For the occasion of the 100th anniversary of Mother Teresa's birth a "very moving" exhibition dedicated to the life and works of the blessed has been opened all over the planet. The Vatican's new head of bishops, who was on hand for last Thursday's inauguration in Rome, stated his appreciation for the exhibit and hoped that many would be able to see it.
"Mother Teresa: Life, Spirituality and Message" is not only open for viewing in Rome, it has been reproduced in a number of sites in at least 10 nations including the United States. The Roman exhibition was inaugurated on Aug. 26 at the Palace of the Chancellery, where the Church's "supreme court," the Apostolic Signatura, is located.
The visit begins with a biographical tour through the Missionaries of Charity (MC) foundress' life and the history of the order supported substantially by photos and copies of documents from the their official archives.
Among the most striking items reproduced on large placards is a copy of Mother Teresa's final vows, written on a single sheet of wide-ruled paper, now brown with age. Incidentally, MC sisters continue this tradition today, writing the same vows for themselves on the same style of paper.
Authentic treasures adding to the display in Rome were a handwritten prayer book from the blessed, one of her saris, a habit and a pair of worn leather sandals that she wore in the 1970s. All of these items were loaned to the display from Mother Teresa's nearby archives.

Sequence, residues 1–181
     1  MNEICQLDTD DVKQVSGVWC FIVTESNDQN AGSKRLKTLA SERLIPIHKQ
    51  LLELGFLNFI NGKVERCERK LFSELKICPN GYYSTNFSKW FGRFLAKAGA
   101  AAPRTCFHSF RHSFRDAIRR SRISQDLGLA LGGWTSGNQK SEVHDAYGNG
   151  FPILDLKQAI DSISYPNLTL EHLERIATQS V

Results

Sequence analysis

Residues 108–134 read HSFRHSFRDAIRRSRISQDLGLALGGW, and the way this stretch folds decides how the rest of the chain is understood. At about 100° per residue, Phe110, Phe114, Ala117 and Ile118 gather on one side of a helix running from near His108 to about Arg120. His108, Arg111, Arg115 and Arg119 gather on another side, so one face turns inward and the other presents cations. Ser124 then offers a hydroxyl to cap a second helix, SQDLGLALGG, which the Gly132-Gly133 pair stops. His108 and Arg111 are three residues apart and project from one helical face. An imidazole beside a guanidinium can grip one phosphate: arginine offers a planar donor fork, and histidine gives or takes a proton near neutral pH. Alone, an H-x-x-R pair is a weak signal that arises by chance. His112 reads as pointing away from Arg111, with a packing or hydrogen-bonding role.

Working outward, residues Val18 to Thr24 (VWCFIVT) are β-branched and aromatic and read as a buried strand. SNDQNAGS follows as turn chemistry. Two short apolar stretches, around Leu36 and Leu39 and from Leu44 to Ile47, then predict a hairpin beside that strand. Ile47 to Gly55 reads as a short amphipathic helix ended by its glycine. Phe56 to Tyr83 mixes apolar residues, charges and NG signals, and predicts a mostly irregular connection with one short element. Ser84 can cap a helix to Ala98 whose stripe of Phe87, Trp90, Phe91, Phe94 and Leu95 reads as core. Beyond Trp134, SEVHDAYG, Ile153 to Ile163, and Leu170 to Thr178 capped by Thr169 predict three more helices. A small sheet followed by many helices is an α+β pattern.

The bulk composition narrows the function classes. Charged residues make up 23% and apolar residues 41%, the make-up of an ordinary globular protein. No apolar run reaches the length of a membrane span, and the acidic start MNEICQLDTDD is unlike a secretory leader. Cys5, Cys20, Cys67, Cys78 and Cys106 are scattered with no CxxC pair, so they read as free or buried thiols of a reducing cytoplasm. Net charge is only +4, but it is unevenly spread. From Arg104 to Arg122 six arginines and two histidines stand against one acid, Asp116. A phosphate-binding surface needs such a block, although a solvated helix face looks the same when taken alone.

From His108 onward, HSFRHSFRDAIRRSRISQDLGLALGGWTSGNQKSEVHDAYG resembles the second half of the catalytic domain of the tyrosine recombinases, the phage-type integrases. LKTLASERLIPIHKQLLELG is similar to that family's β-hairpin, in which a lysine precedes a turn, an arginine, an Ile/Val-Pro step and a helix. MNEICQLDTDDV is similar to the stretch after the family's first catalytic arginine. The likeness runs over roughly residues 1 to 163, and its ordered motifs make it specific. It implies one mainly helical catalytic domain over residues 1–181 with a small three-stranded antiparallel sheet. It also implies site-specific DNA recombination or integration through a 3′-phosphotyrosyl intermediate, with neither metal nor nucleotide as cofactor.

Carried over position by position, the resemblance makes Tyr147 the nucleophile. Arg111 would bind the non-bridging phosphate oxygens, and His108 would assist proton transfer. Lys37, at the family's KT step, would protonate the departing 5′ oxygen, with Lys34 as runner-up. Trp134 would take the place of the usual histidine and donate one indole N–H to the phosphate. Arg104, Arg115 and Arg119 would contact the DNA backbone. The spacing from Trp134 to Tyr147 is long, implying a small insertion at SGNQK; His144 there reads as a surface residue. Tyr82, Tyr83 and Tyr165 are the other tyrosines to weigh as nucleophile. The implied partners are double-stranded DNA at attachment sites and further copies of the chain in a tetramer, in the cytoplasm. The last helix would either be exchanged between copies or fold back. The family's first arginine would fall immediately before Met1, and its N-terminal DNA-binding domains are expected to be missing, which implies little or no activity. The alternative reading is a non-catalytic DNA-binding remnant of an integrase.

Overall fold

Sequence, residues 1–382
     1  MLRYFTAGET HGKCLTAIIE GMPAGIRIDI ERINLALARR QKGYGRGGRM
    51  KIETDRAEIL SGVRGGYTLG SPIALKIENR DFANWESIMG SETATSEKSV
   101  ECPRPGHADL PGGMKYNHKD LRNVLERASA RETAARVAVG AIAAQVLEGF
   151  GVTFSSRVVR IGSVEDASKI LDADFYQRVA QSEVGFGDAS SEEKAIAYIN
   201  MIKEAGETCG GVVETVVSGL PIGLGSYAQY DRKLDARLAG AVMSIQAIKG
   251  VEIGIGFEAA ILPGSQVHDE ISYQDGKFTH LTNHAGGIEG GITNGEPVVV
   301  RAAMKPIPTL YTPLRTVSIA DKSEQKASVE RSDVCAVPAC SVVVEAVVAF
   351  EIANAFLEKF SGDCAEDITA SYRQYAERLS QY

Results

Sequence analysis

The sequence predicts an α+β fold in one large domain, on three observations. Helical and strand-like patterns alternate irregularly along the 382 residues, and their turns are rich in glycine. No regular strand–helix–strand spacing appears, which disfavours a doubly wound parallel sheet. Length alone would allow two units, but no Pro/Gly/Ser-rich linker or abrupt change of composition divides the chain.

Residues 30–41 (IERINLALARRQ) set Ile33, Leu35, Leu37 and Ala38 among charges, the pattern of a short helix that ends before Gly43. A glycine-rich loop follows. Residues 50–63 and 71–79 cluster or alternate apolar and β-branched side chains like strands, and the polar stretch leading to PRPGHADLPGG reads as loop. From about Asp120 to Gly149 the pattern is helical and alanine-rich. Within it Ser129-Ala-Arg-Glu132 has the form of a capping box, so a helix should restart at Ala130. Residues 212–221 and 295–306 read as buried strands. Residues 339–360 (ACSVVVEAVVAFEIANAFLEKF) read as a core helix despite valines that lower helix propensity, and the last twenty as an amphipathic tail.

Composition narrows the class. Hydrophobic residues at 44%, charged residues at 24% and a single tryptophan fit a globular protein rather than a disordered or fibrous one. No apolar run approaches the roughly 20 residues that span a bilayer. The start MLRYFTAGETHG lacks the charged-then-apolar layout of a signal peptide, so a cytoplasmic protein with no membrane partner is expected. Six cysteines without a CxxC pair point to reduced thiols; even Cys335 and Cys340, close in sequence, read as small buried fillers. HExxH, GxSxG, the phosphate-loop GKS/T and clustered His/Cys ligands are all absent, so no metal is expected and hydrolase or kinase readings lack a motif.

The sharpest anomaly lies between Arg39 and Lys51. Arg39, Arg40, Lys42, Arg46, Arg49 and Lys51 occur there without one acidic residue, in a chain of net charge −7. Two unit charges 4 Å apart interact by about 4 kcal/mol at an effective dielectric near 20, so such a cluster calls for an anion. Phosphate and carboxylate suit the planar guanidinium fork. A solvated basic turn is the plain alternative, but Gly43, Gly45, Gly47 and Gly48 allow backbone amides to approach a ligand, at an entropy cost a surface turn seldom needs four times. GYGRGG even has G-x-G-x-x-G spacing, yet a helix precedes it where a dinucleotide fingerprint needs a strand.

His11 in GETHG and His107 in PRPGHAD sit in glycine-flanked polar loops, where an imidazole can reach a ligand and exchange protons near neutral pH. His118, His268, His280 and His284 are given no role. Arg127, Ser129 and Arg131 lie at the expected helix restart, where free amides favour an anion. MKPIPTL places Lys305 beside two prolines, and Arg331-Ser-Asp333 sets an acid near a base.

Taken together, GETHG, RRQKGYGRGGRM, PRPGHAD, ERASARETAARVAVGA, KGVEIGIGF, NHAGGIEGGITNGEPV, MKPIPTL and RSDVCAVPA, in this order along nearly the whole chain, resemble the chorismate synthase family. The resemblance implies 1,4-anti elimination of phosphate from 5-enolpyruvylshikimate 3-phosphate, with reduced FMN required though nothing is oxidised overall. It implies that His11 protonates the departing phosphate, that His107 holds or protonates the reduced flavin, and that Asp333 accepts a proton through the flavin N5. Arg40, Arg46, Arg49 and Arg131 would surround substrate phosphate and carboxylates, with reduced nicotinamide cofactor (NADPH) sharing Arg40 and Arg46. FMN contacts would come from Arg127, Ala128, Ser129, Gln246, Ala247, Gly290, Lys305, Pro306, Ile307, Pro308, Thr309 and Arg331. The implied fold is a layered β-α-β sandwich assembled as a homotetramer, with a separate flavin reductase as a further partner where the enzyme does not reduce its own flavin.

Particularly powerful to the presentation is Mother Teresa's own description, drawn from her writings, of the "darkness" she experienced during the final 50 years of her life, dating back to even before the proclamation of her final vows in 1953.
The exhibition also recounts her beatification and highlights her spirituality and the message she offered to the world through the extensive presentation of citations from her writings, a representative example being that "God works through the person who allows himself to be worked through."
Having thoroughly examined the Roman exhibition, Cardinal Marc Ouellet, who recently arrived in Rome to take up the reigns at the Vatican's Congregation for Bishops, told CNA that, in a word, the exhibition is "moving ... very, very moving.
"I hope many people will come to Rome and be touched," he said.
For those who will not be able to make it to Rome before the exhibition closes on Oct. 7, it is also on display in the U.S., Mexico, the Philippines, India and even Albania in addition to other European locales.
In the U.S. at various times during 2010, the exhibition is being presented in at least four places: at the Knights of Colombus Museum in New Haven, CT; the Basilica of the National Shrine of the Immaculate Conception in Washington D.C.; the St. Jude Shrine in San Diego and at St. Rita of Cascia Parish in the Bronx.